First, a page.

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WSET launches redesigned Level 1 Award in Spirits

Published:  17 May, 2016

As part of a major shake-up of its courses, which includes the separation of wine from spirits in its advanced qualification, the Wine and Spirit Education Trust (WSET) has unveiled a redesigned Level 1 (L1) Award in Spirits.

Employees from bars and clubs in London, including the Royal Automobile Club (RAC) and the Churchill Bar & Terrace, were invited on Monday to test the new WSET L1 Award in Spirits pilot course at the WSET head office in Bermondsey Street, London.

In the redesigned L1 Award Spirits course knowledge about leading spirits is addressed in a clear, distinct and concise format with a focus on providing skills to those working in the drinks industry.

The one-day course, which ends with a multiple choice question exam, centres on providing information on each key spirit first, rather than starting with production techniques such as the use of pot stills. New to the L1 Award in Spirits course is a theory section on cocktails.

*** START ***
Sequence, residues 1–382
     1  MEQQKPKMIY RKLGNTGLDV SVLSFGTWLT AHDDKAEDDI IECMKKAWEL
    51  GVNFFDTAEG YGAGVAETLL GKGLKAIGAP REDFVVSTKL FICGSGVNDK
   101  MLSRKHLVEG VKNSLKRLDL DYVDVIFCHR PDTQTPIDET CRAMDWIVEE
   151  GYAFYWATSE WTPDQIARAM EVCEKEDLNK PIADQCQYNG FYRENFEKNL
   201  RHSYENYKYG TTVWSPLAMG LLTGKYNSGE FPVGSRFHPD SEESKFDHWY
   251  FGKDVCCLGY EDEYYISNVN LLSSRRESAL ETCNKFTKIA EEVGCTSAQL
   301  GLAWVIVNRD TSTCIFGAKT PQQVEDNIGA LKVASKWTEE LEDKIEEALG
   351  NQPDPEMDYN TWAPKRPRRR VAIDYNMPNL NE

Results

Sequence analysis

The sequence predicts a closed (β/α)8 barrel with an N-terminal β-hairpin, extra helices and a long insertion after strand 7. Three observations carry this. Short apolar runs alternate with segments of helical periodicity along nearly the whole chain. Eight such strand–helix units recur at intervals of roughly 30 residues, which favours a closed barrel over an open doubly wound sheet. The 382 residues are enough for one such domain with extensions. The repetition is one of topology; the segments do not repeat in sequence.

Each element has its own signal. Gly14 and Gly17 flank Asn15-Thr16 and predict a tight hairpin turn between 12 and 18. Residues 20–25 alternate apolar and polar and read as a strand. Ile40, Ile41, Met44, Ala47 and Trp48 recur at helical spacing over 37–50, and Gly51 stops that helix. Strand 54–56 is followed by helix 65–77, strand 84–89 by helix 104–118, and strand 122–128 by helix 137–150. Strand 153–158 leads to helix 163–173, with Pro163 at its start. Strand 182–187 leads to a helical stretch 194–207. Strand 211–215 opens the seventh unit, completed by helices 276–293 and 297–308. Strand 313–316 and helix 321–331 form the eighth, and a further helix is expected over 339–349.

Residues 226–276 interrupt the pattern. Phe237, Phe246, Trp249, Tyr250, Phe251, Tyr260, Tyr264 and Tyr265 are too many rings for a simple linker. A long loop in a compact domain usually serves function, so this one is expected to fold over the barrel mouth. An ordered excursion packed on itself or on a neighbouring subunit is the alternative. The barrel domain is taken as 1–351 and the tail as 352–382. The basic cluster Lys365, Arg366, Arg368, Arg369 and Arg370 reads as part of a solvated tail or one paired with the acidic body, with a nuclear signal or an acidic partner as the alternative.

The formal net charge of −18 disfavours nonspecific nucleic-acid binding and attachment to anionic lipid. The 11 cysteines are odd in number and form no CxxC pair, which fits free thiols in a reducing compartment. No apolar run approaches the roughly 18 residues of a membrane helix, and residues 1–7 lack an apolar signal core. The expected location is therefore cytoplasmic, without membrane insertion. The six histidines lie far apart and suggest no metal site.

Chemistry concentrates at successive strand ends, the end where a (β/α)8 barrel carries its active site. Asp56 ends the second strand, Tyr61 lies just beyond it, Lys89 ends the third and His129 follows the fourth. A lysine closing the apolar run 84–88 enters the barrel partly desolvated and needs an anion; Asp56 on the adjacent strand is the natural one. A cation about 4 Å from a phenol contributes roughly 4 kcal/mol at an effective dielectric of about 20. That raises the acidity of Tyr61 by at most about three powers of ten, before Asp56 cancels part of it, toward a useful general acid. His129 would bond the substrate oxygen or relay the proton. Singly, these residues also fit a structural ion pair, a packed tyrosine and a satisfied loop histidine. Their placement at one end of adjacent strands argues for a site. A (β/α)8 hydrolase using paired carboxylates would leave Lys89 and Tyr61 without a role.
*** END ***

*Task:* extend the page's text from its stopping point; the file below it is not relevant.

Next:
"Delivery is more based on breaking down the course into digestible parts rather than a mass of information which can be difficult to comprehend," said Nick King, WSET UK's new development manager for spirits, who is responsible for the new format. "The course has been completely reimagined," he said.

The new L1 Award in Spirits course will be officially launched in August this year.

It is part of far-reaching changes to WSET courses, envisaged and developed by Victoria Burt MW, the WSET's Research and Development Manager.

Parallel to the new L1 Award in Spirits course, in a fresh move to separate wine from spirit qualifications: as from August this year the advanced Level 3 (L3) WSET Award in Wine and Spirits will be disbanded and replaced with a new WSET Level 3 Award in Wine, an advanced qualification, which discards spirits and focuses on wine in more depth.

WSET qualifications provide the benchmark for education in the drinks industry worldwide. WSET was created in London 1969 as a charitable trust, and has since expanded, with WSET courses now available in more than 60 countries, in 19 languages. New changes to WSET courses have been made following industry consultation over the past year. Industry feedback included views that students focusing on wine already had too large an amount of information to digest to also learn about spirits.

 "It is about better tailoring courses to meet the demands of the industry. What is the course designed for? What level of knowledge and skills do companies require for their employees?" said Victoria Burt MW.